Last October, the Supreme Court ruled that Insite, Vancouver’s safe injection site, could stay open despite the Harper Government’s objections. The arguments hinged on whether addiction was primarily a health issue or a crime issue. If it were a health matter it would fall under provincial jurisdiction; if it were a criminal code issue, it would fall under federal jurisdiction.
When the Supreme Court ruled (unanimously) that Insite could remain open because of the rights of addicts to accessible health care, it opened the door to the possibility of safe injection sites opening in other Canadian cities.
For those of you unfamiliar with how a safe injection site works, it’s a facility where injection drug users can bring their own drugs and inject them under the supervision of a nurse. The facility provides the client with a clean, safe(r) place to inject, and if he or she overdoses, there’s someone there to provide medical assistance. In addition, it’s a point of contact for other health care questions or issues the client might have – for example, drug treatment, pregnancy, infections, mental health issues, etc. In addition to the heath benefits to the individual, there are public health benefits to the community, such as lower rates of transmission of infectious diseases, and fewer hastily discarded needles in public places.
For the past four years, researchers at the University of Toronto and St. Michael’s Hospital in Toronto have been conducting a feasibility study to determine if safe injection sites were needed in Toronto and/or Ottawa. The study looked at costs, the potential impact on property values, and the effect on rates of transmission of infectious diseases, among other things. The study determined that Ottawa could use two safe injection sites.
Ontario’s Minister of Health, Deb Matthews, says Ontario has no plans to open any safe injection sites. Ottawa’s mayor, Jim Watson, says if we have extra money to spend on the drug problem, we should put it into treatment. Ottawa’s new Chief of Police, Charles Bordeleau, says he’s opposed to a safe injection site, suggesting he’s more concerned with the criminal aspects of obtaining illegal drugs than with any potential health benefits from how or where they’re consumed. The former Chief of Police, Vern White (now a Harper-appointed senator) says he is opposed to a safe injection site in part because it would be unwelcome in any neighbourhood.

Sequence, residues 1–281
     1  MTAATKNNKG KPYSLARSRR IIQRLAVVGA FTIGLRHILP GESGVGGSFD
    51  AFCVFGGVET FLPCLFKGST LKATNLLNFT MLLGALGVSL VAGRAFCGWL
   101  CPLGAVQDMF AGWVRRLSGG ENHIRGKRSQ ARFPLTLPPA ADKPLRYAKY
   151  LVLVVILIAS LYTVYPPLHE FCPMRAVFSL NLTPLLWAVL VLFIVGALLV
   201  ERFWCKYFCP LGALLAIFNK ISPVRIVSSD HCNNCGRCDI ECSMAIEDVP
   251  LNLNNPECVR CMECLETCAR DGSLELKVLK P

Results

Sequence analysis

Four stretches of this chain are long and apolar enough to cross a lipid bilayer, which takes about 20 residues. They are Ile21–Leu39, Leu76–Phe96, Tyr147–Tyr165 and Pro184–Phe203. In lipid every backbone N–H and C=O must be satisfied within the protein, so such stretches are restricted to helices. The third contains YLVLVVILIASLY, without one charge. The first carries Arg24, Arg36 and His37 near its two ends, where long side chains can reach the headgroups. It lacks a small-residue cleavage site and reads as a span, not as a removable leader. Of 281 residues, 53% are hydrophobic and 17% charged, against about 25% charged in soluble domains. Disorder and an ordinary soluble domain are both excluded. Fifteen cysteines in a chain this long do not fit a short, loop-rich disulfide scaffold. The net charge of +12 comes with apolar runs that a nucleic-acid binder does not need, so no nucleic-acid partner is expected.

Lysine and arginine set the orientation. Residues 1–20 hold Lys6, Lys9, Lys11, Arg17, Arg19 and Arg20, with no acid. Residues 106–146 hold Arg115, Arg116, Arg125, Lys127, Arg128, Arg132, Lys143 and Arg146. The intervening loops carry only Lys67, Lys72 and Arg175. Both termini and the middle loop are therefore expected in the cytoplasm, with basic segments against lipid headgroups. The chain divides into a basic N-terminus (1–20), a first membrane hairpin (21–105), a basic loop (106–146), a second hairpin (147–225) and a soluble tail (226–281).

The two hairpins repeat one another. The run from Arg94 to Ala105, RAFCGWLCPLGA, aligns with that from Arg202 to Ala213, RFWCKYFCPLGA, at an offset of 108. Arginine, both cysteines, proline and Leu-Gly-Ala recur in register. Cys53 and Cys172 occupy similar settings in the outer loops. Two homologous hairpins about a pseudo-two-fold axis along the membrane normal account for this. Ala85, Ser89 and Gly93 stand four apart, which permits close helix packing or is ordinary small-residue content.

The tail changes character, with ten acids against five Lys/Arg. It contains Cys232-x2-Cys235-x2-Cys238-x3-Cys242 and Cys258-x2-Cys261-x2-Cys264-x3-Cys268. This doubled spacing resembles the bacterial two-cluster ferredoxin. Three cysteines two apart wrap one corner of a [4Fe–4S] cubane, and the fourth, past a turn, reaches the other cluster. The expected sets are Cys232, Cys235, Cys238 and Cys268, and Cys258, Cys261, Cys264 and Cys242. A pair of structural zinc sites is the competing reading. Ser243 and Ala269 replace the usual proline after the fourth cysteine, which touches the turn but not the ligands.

I find the Mayor’s reasoning weak on this subject. Treatment and harm reduction are not mutually exclusive. We need both. Drug addiction takes place along a continuum, and we need to meet people where they’re at. I agree absolutely that we need more treatment centres. But we also need harm reduction initiatives, like safe injection sites, for those who aren’t ready for treatment yet (or treatment isn’t ready for them – ie, they’re on a waiting list). If we treat people with addictions like they matter, like their health matters, like their lives matter – instead of like vermin who are relegated to the back alleys – maybe they’ll start taking better care of themselves.
The Chief’s reasoning is understandable given that his profession demands that he look at everything through a crime lens. But I think he needs to try harder to understand that much of the drug problem stems precisely from the fact that drugs are illegal and addicts are therefore criminalized. To say you’re against a safe injection site because drugs are illegal is to ignore a complex set of factors that need to be taken into consideration in order to understand and alleviate the drug problem.
Former Chief Vern White argued against a safe injection site, saying it wouldn’t be welcome in any neighbourhood . True enough. But that’s not a good reason not to do it. There are a lot of things people don’t want in their neighbourhoods. Composting facilities. Shelters for abused women. Halfway houses. Children’s Aid group homes. Parole offices. Homeless shelters. Does that mean we shouldn’t have those things? Of course not. (And, as one of my colleagues said the other day, “I’d rather live next door to a safe injection site than a crack house.”)